TransCanada commissioned Deloitte & Touche LLP to complete an economic benefit study. The report forecasted $10 to $25 billion dollar in GDP and 91,000 jobs in the construction phase of the energy pipeline expansion.
But Barlow said the project job and economic benefit to Canadians won’t be anywhere near what TransCanada Energy East Pipeline project promises.
COC released a report stating 90 per cent of the Energy East Pipeline project will be exported to places like Asia and Europe and only major oil companies will profit.
“We say our risk and their reward,” said Barlow. “The risk is on the side of Canadians, particularly many First Nation communities.”
Barlow also noted that the federal government gutted environment acts like the Fisheries Acts, Navigable Waters Act and the Environmental Assessment Act through Bill C-45 in December 2012 – the very bill that helped ignite Idle No More protests that winter.
Protesters at the time allege the changes to those legislation was to allow the acceleration of the development of projects such as the TransCanada Energy East Pipeline.
“The very laws to protect our water are gone and the only laws left really are the treaties,” said Barlow. “Treaties protect us between absolute lawlessness.”
A Dene activist from Athabasca Fort Chipewyan First Nation (ACFN) in Alberta was also on hand for the open forum.
Eriel Deranger, who is also the communications coordinator for ACFN, said the Alberta tar sands and its expansion directly impacts risks to the drinking water, fishing, hunting, trapping and traditional food gathering and increases of cancer to the self-governing community of ACFN.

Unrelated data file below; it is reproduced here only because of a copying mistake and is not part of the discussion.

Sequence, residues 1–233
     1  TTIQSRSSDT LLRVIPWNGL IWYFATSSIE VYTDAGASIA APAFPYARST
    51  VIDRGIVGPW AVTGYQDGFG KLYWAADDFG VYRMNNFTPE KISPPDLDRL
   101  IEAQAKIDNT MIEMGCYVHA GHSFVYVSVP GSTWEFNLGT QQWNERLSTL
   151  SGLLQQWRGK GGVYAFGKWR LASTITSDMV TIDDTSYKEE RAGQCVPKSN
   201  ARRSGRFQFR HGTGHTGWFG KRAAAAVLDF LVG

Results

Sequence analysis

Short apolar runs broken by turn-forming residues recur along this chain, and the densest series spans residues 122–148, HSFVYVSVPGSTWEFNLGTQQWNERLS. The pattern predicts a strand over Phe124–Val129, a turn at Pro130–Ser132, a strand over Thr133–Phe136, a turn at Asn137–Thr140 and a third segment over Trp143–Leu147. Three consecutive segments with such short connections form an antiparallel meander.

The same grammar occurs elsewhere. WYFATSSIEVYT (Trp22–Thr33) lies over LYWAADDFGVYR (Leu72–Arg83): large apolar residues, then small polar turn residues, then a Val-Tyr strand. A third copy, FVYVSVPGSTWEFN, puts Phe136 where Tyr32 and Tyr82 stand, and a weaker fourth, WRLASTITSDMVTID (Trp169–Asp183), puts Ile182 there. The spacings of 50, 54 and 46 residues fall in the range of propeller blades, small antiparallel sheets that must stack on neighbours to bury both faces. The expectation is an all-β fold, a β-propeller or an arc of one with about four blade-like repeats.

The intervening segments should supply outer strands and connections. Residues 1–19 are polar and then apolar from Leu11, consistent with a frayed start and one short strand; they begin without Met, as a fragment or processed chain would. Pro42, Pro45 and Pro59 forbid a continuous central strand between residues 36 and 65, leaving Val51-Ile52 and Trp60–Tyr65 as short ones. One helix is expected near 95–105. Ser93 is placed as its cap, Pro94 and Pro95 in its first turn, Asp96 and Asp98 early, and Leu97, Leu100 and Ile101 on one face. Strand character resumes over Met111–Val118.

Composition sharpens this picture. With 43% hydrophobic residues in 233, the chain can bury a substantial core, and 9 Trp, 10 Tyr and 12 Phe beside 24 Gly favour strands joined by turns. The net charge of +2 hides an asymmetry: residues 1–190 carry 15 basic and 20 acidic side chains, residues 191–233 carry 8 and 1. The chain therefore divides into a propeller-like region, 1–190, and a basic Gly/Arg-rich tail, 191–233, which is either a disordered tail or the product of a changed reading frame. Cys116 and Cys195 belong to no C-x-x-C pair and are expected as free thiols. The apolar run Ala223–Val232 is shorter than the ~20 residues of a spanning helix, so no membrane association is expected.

“We are not directly impacted by the Energy East Pipeline,“ she said. “But we are indirectly impacted by the expansion of the oil tar sands.”
Environment pollutions are directly affecting the ecosystem and signs of it are showing up as tumours, lesions, discolour and meat tastes in species, said Deranger.
“There have been confirmed studies of traditional foods showing arsenic and hydro carbons,” said Deranger. “Basically a slew of cocktails are being found in foods we should not be consuming.”
The community doesn’t know how surrounding water is being distressed, said Deranger. What they do know is community members can’t travel far to hunt and fish because they have to carry drinking water with them to be safe.
“Despite growing health concerns in the tar sands area, Alberta Health Services does not have any plans to do any health studies in the region,” said Deranger.
ACFN is looking to have independent health studies conducted to investigate increased cancer rates and other community health concerns.
Deranger said she doesn’t want to see First Nations communities across Canada continue to be effected by industry like her community has been.
The day after the forum, a protest took place with members of COC and First Nation and community allies at the corner of Gore Street and Brown Street near the CN rail oil trains shipping yard.
Email to a Friend
add to del.icio.us